Jamie Tabberer

Theatre review - Absent Friends

@ Harold Pinter Theatre, London

Alan Ayckbourn's little known black comedy is, essentially, an observation of six tea party-attending, middle-class frenemies; an exploration of their empty-shell marriages and horrendous/chic 70s fashion tastes. It’s decades old but fizzes with modern relevance, and not just because the clothes and furniture on display will have the East London hipsters staging a midnight burglary of this sweet little theatre. It’s applicable to now because it bitingly illustrates heteronormative ideologies that still persist, and the sometimes-damaging effects they have on relationships they don’t fit.

At the centre of this ensemble piece is the recently bereaved Colin; following the drowning of fiancé Carol he finds himself invited to an intimate party of the tea and sympathy variety at the home of some old friends; or, rather, guilt-ridden ghosts of his past who’ve neglected him for years. The group, awkwardly uncomfortable from the off at the prospect of comforting Colin, soon discover he’s already made sense of his loss and is surprisingly happy. This, of course, only serves to freak them out more, partly because it further underlines their own loathed lives, and partly because his behaviour is, well, a little odd. Thankfully Reece Shearsmith (The League of Gentleman, Psychoville) bestows on his character the light touches of the bizarre and surreal he's known for, enough to lift Colin from everyman territory and compel your attention in the shadow of much louder characters with heaps more to say.

Interestingly, the play explores the character of hostess Diana in the most depth. She starts out with beautiful intentions, as a sandwich-sharing desperate housewife – say, Bree Van De Kamp’s less capable little sister. But she swiftly unravels, consumed by an obsessive belief that her ignorant ass of a husband Paul (Steffan Rhodri on hatefully arrogant form) is having an affair with none other than reluctant guest of the get-together Evelyn, wife of Paul’s 'friend' and business associate John.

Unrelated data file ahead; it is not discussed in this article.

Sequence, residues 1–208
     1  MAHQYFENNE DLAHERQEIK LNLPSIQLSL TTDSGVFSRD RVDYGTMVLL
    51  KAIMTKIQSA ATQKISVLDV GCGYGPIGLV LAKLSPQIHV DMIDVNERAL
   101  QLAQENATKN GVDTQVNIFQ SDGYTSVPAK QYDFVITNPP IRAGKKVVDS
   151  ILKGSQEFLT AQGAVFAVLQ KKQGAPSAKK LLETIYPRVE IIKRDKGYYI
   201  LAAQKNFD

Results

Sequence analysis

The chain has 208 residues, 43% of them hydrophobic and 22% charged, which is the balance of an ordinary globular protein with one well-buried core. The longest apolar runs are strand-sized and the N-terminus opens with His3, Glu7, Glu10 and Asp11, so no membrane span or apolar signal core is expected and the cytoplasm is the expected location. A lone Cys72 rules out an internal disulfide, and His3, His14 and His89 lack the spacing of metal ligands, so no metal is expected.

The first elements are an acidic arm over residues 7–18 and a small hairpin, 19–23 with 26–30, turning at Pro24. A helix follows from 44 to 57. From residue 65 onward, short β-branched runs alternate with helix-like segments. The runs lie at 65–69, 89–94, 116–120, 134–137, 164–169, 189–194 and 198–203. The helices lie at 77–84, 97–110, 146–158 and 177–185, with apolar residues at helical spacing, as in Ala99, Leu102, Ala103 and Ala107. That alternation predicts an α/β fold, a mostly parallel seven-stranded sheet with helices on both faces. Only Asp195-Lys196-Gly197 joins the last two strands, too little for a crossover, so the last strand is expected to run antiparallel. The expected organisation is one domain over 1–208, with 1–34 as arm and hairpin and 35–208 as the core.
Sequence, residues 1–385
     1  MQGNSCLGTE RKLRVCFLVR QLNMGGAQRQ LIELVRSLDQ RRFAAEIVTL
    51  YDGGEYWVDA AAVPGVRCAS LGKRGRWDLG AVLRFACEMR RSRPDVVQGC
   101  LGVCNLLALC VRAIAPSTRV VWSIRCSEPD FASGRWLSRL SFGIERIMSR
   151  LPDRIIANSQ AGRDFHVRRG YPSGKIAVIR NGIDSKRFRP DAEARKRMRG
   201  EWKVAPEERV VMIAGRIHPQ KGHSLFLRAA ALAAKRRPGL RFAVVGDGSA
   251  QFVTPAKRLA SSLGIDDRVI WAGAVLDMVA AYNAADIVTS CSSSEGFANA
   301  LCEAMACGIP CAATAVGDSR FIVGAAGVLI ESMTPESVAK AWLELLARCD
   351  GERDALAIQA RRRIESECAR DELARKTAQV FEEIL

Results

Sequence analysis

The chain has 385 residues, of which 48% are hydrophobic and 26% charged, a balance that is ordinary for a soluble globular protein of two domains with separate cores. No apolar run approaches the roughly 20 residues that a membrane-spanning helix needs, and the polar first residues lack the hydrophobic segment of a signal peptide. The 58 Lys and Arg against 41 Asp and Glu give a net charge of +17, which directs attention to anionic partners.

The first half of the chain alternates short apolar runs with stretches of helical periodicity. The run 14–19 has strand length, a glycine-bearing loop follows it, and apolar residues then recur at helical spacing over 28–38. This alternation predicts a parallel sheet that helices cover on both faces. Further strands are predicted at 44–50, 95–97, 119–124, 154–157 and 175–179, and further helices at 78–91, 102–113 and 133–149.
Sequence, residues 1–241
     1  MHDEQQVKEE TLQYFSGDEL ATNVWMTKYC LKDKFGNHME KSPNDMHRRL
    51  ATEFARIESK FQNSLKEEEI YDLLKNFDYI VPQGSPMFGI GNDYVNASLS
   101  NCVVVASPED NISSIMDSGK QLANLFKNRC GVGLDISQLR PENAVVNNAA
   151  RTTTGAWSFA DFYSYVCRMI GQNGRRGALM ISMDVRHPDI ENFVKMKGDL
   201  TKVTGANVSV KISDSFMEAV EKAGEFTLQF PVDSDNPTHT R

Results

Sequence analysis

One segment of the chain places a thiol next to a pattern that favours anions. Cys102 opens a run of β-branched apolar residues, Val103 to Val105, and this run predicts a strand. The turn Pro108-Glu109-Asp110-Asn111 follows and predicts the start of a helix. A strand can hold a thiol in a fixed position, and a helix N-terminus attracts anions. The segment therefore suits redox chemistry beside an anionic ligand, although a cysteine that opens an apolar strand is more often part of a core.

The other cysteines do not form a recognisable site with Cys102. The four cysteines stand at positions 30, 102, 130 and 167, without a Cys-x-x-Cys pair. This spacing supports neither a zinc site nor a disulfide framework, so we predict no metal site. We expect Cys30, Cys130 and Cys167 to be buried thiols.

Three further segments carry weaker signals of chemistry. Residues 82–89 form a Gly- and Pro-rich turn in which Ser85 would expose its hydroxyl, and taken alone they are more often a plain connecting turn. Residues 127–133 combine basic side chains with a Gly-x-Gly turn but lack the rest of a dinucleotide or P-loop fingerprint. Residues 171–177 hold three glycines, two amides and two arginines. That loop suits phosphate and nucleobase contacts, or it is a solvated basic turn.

Despite an unsure start and a fluffed line or two, it’s great to see The IT Crowd’s Katherine Parkinson defy expectations as Diana, and confront head on scenes of crippling pain and regret that escalate to hysterical levels. What initially seems akin to an amusing toddler’s paddy is something much darker on reflection; at one point Evelyn is so gripped by her own unhappiness she has to be given a sleeping pill to calm down.

Strictly’s Kara Tointon is the sociopathic, laconic Evelyn, the woman who has indeed had guiltless and yet by all accounts disagreeable sex with Diana’s husband only the week before. Deliciously unpleasant, she describes the act as “as exciting as being made love to by sack of clammy cement,” and yet, Tointon avoids the pitfalls of the two-dimensional bitch blueprint. Despite minimal dialogue and lack of movement, we as the audience are always poised for a sudden and possibly violent onslaught from her, like the predator that she is. She could be empty on the inside – despite being a new mother she shows her baby no apparent affection, for example – but on the other hand, she could be the one suffering the most. She is, after all, married to the insipid and annoying John (David Armand, looking unexpectedly hot with a beard). Perhaps we’d know if, unlike her neurotic friends, she were not so stoically accepting of her fate, a characteristic men are so commonly praised for.

Extracting comedy from pain is not easy. Thus director Jeremy Herrin makes the most of Elizabeth Berrington and her knack for comic timing by cranking up the volume of the graceless Marge. Not only does she get the best lines – the scene where she forgets the name of the deceased is a cracker – but also the most complex character. Seemingly older than Diana and Evelyn, the role of doting housewife seems to come most naturally to her (her infantile, hypochondriac husband, a friend of Colin, Paul and John’s, is ill at home in bed, and she apparently doesn’t mind the fact he’s horribly fat). And yet her love of slutty platform shoes and aggressive fascination with Evelyn’s misdemeanors (‘You’re DISGUSTING!”) hint at repressed longings, contradicting the implied sadness her childlessness brings her.

It might be about straight couples, it might be about straight marriage and it might be about heteronormativity, but you’re bound to find something familiar in this raucously funny but desperately sad examination of relationships running their course.


Until 14 April
Harold Pinter Theatre
Panton Street


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